Bus and Coach Travel in Russia

Information on getting around the country using the bus and coach networks...

Buses can be a cheap way of travelling, but they are less comfortable than trains for long journeys and there are often long queues to buy tickets. In the cities, however, they provide services to areas not easily accessible by metro or train, as well as useful links into these systems. Services are provided by a mix of public and private bus companies, with no central organisation, so it is not easy to find information. Check on bus stops for information on where and when buses depart and arrive, or at the central bus station.

Tickets can be bought onboard, although drivers seldom give change. So either ensure that you have the exact amount or be prepared to overpay. Tickets can be bought as singles or in books of multiple tickets (the greater the number, the cheaper each ticket) from kiosks on the street with a sign saying “proezdnyue bilety” (public transportation tickets). These kiosks are often located outside or inside metro stations.

Bus tickets are interchangeable with those for trams and trolleybuses. Before gaining access to most public transportation in Moscow, passengers have to swipe their tickets through barriers. Buses are usually boarded by the front door and exited by the rear.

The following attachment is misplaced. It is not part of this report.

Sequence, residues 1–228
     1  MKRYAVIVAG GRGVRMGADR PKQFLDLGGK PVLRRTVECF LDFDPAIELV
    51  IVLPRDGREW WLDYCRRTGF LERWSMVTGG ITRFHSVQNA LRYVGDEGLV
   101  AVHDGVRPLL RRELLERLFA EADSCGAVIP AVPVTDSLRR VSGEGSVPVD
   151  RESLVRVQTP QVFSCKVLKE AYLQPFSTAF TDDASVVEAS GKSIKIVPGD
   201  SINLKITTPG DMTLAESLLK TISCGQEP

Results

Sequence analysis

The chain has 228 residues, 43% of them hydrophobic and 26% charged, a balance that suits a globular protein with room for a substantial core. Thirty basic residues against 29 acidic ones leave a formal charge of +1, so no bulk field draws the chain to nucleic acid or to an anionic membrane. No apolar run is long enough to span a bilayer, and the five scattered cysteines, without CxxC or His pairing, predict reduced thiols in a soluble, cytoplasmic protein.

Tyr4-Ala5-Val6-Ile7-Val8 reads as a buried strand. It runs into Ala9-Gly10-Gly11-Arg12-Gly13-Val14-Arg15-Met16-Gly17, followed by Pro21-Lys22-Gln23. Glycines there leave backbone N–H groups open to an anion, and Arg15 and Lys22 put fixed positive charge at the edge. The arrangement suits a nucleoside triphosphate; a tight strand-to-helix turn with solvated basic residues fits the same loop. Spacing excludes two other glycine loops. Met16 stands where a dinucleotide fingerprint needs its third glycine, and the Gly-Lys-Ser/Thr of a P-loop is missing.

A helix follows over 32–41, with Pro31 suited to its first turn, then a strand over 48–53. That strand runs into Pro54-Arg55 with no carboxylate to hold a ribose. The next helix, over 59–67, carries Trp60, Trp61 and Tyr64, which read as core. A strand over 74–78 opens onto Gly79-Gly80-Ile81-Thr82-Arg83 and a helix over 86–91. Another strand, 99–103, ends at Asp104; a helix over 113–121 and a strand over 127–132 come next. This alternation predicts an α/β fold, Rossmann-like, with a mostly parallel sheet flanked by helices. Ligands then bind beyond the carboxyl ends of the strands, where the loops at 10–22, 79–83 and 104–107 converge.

Actually half-minibus, half-taxi, the marshrutka (?????????) offers a taxi-like service on fixed routes that are flexible about where they pick up and drop off passengers. They sometimes follow bus routes, but also run elsewhere. Prices are similar to those for buses, with just one fare for a journey regardless of how long it is, and are payable after boarding. Wave from the roadside to stop one, then to get off, just shout when approaching the destination. The main stops are shown on a sign in the window.


Official taxis cannot be stopped in the street, but need to be ordered in advance. Prices are not always charged by meter, so need to be agreed when booking or before setting off. Most drivers don’t speak much English, so it can be worthwhile asking a Russian speaker to order a taxi and to write the destination address in Russian.

Expats will often be given higher starting prices than Russians, so it is a good idea to have a rough idea of what the charge should be for a specific journey before travelling – and be prepared for some haggling.